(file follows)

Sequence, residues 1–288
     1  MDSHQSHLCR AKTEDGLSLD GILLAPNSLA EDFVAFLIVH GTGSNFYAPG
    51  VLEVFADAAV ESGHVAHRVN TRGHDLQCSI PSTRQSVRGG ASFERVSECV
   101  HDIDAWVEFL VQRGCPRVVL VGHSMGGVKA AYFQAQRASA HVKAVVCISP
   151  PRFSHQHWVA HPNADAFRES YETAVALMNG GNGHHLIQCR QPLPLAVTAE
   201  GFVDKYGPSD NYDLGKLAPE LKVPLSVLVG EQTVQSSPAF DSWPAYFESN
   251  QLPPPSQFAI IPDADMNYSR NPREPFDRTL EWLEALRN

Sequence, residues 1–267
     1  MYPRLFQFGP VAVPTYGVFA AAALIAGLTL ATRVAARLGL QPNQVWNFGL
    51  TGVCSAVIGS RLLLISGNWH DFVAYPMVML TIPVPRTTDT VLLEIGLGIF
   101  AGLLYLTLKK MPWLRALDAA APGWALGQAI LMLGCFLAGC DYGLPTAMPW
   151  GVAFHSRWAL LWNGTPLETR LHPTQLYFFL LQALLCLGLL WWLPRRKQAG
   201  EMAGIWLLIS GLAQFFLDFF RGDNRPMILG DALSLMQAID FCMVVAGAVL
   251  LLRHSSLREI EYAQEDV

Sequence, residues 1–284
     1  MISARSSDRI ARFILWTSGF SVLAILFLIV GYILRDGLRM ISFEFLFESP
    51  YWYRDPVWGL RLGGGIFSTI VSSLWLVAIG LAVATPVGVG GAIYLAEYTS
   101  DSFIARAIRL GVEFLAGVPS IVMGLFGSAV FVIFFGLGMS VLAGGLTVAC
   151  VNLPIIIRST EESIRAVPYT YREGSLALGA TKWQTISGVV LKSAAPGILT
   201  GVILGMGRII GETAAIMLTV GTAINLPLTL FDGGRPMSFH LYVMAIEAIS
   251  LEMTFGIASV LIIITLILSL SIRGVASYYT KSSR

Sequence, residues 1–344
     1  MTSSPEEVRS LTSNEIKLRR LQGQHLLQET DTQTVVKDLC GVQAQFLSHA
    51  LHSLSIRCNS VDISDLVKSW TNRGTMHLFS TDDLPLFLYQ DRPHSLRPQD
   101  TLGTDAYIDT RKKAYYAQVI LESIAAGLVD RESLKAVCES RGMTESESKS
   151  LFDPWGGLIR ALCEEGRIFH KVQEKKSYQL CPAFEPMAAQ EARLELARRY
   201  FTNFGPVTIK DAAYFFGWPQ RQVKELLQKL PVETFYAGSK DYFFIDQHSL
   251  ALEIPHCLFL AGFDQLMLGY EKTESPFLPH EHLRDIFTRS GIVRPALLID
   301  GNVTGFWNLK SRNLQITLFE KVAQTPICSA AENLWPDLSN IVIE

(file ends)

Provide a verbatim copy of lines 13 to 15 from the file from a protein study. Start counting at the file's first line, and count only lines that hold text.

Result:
   201  EMAGIWLLIS GLAQFFLDFF RGDNRPMILG DALSLMQAID FCMVVAGAVL
   251  LLRHSSLREI EYAQEDV

Sequence, residues 1–284